11 Jun 2013
It’s too early to tell whether iTunes Radio will be a hit or miss, but surely Fanboys and hipsters alike will be raving about the service soon as it’s available for listeners to try out. We’ll soon find out one way or another.
In an otherwise well written and interesting article, Mellisa ends with this nonsense. I have never read SiliconAngle before, but their claim of focusing on “where computer science intersects [with] social science” is undermined when their writers decide to throw casual insults instead of thoughtfully concluding their articles.
I do not, necessarily, take umbrage with the terms “Fanboy”1 or “hipster”2 as descriptors, but the stereotype of the raving Apple fan is tired and insulting. Not to mention that we are well beyond Apple products being primarily utilized by a vocal minority. My mother might try out Apple Radio before I have a chance to. The product is interesting and it is going to be available in the wild in a few months. And it is more likely that Mellisa and the other tech journalists are going to be declaring it a hit or miss long before us “Fanboys and hipsters” have an opportunity to try it out.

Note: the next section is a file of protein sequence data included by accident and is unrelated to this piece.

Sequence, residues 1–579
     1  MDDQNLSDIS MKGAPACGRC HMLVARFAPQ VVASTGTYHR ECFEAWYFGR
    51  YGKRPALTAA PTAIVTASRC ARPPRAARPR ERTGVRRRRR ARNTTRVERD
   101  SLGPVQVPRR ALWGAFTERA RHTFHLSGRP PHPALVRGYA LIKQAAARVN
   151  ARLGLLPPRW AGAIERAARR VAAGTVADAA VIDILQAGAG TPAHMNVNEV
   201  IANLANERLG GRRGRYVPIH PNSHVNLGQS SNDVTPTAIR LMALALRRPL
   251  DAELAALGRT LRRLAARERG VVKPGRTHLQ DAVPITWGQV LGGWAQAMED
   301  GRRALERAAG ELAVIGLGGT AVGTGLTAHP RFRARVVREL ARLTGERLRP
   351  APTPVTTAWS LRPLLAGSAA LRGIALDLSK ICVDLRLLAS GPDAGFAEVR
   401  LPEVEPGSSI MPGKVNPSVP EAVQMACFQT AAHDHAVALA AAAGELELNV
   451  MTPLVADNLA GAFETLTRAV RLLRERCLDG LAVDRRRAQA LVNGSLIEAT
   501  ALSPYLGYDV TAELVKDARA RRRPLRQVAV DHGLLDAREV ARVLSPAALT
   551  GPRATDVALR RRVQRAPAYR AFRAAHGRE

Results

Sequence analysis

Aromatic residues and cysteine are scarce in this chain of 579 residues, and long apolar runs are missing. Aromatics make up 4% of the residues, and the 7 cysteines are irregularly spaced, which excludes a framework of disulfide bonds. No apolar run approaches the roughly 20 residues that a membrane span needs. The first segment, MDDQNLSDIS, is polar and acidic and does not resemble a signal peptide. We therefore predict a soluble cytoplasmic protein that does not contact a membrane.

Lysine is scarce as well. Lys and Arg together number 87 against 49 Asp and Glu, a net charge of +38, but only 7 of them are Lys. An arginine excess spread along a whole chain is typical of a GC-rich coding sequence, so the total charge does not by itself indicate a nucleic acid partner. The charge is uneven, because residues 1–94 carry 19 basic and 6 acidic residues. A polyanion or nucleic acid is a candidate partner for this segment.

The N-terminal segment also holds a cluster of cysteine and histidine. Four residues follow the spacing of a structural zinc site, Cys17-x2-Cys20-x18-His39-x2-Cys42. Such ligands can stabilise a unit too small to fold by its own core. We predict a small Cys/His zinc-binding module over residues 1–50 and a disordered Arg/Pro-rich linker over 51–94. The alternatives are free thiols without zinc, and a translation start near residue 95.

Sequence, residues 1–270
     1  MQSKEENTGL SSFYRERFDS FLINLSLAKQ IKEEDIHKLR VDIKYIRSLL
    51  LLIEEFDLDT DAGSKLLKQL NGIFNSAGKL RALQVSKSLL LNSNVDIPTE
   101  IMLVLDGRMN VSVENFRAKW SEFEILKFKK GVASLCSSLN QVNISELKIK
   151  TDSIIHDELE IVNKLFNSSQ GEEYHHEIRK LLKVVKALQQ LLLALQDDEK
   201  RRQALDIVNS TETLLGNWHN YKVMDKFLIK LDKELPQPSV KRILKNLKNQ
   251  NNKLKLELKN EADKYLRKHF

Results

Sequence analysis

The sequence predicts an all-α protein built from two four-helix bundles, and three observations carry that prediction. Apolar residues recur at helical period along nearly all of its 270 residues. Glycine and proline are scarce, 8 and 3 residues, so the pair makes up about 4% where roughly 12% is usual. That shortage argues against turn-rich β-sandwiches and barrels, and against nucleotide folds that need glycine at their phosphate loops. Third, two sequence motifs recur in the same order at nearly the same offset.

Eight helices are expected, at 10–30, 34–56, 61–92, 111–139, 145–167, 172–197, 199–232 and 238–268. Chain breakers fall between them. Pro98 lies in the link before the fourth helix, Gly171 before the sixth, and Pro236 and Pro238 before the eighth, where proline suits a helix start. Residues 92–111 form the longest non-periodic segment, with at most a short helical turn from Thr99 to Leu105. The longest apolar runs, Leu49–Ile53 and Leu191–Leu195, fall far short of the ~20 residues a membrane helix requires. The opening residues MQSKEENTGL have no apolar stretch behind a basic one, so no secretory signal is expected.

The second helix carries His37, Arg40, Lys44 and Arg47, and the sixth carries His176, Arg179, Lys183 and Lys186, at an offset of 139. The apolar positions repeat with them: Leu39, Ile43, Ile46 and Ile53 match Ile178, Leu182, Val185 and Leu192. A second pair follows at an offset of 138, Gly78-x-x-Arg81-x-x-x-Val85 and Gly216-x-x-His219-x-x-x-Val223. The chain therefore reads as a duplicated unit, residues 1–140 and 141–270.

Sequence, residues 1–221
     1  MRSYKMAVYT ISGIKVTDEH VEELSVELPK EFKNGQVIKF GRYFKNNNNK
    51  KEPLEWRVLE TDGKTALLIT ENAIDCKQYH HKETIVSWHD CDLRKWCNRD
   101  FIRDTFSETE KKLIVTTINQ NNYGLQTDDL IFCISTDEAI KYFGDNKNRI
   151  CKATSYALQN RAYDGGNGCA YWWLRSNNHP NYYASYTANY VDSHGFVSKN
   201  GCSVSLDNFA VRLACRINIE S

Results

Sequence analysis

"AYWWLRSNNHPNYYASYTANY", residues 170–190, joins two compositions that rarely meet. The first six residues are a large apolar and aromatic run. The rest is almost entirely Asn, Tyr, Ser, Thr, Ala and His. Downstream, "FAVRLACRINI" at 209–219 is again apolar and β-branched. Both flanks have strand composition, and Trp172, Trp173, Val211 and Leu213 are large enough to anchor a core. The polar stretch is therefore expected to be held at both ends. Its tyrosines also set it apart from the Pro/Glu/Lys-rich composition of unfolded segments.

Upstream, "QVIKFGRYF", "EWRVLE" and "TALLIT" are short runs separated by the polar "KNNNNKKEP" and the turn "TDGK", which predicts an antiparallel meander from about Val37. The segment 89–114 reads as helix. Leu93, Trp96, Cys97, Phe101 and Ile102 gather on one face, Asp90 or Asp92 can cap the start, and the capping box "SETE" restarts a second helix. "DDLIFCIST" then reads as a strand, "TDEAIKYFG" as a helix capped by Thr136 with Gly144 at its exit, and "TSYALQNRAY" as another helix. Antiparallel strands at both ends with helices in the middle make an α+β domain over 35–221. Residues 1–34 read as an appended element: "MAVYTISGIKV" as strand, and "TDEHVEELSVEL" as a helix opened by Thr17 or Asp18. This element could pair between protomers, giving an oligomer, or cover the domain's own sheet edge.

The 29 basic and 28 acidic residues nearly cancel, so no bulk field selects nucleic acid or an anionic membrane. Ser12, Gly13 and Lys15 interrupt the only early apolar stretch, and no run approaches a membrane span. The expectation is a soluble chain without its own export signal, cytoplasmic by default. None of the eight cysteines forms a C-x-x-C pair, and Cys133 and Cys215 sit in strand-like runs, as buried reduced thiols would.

Except, of course, as gendered terminology. That is as good a reason as any for us to stop using it. And, while on the topic, why do people insist on capitalizing “fanboy” – particularly when writing about Apple? ↩
I have not read his work, but I have been told that Mark Greif has done some interesting work with the notion of the hipster. At some point, I will read his New York Magazine piece that includes the line, “It would be too limited, however, to understand the contemporary hipster as simply someone concerned with a priori knowledge as a means of social dominance”. Knowledge bombs everywhere. ↩